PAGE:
Part 4: Quality Testing—GCMS


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No matter how carefully the distillation process is carried out, essential oils should be tested for their purity and potency before being packaged. Quality testing ensures that every bottle of essential oil contains nothing but 100 percent pure volatile aromatic compounds at the correct ratios to allow for maximum efficacy. Together, gas chromatography, mass spectrometry, infrared spectroscopy, heavy metal testing, organoleptic testing, and microbial testing provide a canon of quality testing procedures that allow for the most thorough analysis possible. Additional tests such as isotopic analysis and chirality testing also provide important information about the quality of essential oils.

There are two main goals of these quality control tests.

  1. Verify Potency: To identify the chemical composition of the product, which in turn determines the oil’s potency and other properties.
  2. Ensure Purity: To determine if the oil is pure, or free from contamination and adulteration. An adulteration is the addition of any natural or synthetic component (cheaper essential oil, vegetable oil, mineral oil, essential oil component, etc.) that would cheapen the price of the oil. Not only do adulterations have the potential to alter the chemical and physical properties of the oil, but they can decrease the efficacy of the oil and even cause adverse effects.

Unfortunately, there is no regulatory body that oversees the quality or safety of essential oils. It is therefore up to us to ensure that our products are completely pure, free of adulteration, and have the desired beneficial characteristics.

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Gas Chromatography and Mass Spectrometry Analysis

Invented in the 1940s, gas chromatography has quickly become one of the central tools in analytical chemistry. Gas chromatography makes it possible to know what an essential oil contains by separating the oil into its individual components. The test results present information about which volatile aromatic compounds are present in the oil and at what amounts.

But how exactly does gas chromatography work? The whole process takes place in a complex machine called a gas chromatograph. The essential oil is vaporized in an inert carrier gas (such as helium) and is sent through a tube that is coated in chemical compounds with specific properties. Essential oils are made up of dozens of different aromatic constituents, each of which interacts with the chemical compounds on the walls of the tubes in a different way. As a result, each individual constituent will elute (or move through the tube) at a different speed. A compound will move more quickly if it has little interaction with the compounds coating the tube or more slowly if it has a lot of interaction. A detector at the end of the tube picks up when and how much of a compound exits the tube. Purified compounds can also be sent through the gas chromatograph to help identify each compound. This provides a detailed report of which chemical constituents are present in the essential oil and at what levels.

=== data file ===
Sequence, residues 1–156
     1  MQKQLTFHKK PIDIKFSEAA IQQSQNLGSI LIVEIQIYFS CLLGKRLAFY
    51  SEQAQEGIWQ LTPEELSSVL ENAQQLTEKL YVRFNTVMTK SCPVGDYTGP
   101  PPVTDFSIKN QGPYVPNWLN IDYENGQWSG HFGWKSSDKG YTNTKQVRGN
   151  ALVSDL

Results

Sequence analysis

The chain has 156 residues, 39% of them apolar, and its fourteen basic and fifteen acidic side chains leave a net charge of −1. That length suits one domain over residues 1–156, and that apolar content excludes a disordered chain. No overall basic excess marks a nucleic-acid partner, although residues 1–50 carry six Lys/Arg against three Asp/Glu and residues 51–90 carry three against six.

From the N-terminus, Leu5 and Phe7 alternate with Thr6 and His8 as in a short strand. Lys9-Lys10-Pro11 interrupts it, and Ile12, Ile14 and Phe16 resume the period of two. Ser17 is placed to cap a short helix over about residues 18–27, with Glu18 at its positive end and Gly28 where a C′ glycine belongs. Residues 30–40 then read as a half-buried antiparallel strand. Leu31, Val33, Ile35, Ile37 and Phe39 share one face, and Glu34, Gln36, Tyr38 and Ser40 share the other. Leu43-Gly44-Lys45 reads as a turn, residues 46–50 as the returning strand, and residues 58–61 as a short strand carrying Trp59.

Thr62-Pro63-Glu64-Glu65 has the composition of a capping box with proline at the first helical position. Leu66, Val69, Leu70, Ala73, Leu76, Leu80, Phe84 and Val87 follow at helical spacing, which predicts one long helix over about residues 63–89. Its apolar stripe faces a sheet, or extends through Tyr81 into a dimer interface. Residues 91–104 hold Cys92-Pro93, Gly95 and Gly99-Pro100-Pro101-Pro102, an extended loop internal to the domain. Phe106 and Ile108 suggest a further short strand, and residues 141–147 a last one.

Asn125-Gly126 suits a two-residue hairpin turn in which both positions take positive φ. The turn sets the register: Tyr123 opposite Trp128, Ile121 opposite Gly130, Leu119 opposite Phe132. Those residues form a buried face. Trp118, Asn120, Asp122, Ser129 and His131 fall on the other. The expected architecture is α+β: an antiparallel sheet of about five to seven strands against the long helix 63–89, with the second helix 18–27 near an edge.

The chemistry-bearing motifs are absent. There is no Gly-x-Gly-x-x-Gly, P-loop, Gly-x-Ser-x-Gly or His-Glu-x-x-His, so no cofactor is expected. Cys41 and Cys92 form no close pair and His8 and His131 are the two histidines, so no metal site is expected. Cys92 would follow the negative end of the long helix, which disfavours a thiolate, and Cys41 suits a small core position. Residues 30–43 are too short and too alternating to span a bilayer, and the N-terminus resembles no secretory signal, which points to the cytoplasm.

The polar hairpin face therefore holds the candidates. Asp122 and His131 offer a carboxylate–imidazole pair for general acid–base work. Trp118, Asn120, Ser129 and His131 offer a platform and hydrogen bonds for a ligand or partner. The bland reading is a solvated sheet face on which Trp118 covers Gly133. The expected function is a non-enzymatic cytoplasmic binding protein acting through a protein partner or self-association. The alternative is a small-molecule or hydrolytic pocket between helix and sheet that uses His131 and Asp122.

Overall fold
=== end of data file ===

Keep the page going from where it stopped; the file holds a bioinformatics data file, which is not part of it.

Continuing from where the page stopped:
Mass spectrometry is another method by which essential oils are analyzed for composition. This process requires a special device called a mass spectrometer with three basic parts: a source of ions, a mass detector, and an analyzer. When being evaluated by this method, the essential oil sample (already separated into individual compounds during gas chromatography) is ionized. This means the compound is struck by a stream of electrons that causes the neutral molecule to break apart and become charged. These ions are then sent into a series of magnetic fields, where they will interact based on their molecular mass and charge. On the mass spectrometer reading, each constituent shows up as its own peak based on quantity, the mass, and the charge. Much like a fingerprint, these peaks can be used by an expert to identify the aromatic compounds that make up a given essential oil.

Gas chromatography and mass spectrometry are often used in combination and are commonly referred to as GC/MS analysis.

 

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